Relativity question for Hard SciFi writing

I'm working on writing some hard science fiction stuff, and I have a question I was hoping you guys could help me with. See, my training is primarily in math and chemistry, and it's been quite some time since I've really had any dealings with more than just the most basic concepts in general relativity.

So here's my problem. Not worrying about the means of getting to these speeds, you have a large, massive object, say, an asteroid, travelling at relativistic velocities, colliding with something comparitively slow moving, like a planet. I know that as the velocity moves into larger fractions of c the momentum will increase geometrically, as both mass and velocity increase. Greater momentum means greater energy transfered upon collision, et cetera. That much is easy. What I'm wondering is, if that object is moving at or above the velocity of light (again, don't worry about how it gets moving that fast. just assume constant velocity until the moment of impact), what would happen on collision? How would an asteroid traveling at ten times c compare to one traveling at, say, five hundred times c in terms of relative damage?

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arildno
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It would be a wholly imaginary collision, in many senses of the word..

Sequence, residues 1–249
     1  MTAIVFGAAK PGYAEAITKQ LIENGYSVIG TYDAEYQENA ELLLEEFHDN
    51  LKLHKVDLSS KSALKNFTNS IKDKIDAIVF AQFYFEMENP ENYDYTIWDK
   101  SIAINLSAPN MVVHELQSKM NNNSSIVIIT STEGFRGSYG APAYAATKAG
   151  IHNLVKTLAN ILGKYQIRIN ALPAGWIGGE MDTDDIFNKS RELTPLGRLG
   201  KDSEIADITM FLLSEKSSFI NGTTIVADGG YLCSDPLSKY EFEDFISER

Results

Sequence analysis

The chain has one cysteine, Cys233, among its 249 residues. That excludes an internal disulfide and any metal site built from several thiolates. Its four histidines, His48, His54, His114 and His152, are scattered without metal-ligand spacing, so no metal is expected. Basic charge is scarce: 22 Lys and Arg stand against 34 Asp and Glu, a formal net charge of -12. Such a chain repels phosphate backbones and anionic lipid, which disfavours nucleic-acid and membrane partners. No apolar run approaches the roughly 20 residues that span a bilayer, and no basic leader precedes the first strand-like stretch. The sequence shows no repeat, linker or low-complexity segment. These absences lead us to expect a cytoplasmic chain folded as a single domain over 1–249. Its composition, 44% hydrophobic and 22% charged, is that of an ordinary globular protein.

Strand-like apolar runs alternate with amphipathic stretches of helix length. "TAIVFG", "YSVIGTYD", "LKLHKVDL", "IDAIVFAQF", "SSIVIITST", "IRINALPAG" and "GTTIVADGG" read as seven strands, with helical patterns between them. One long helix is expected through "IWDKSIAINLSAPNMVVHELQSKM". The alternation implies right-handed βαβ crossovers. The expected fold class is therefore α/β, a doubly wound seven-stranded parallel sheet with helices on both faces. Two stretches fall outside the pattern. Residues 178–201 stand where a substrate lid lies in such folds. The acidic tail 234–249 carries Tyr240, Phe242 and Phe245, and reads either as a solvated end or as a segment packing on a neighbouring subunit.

Tom Mattson
Staff Emeritus
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To elaborate a bit...

hellebyuck said:
What I'm wondering is, if that object is moving at or above the velocity of light (again, don't worry about how it gets moving that fast. just assume constant velocity until the moment of impact), what would happen on collision? How would an asteroid traveling at ten times c compare to one traveling at, say, five hundred times c in terms of relative damage?
The amount of damage caused by a collision can be measured by the 4-momentum transfer from one object to another. This is a measure of the violence of the collision. But if you put velocities of 5c and 10c into the equations, you get imaginary quantities. How do you measure imaginary damage?

If you want to write a book with which trained physicists can help you, then it would be better if your asteroid were moving at 0.9c. Then we can give you some quantitative and qualitative information.

Lren Zvsm
arildno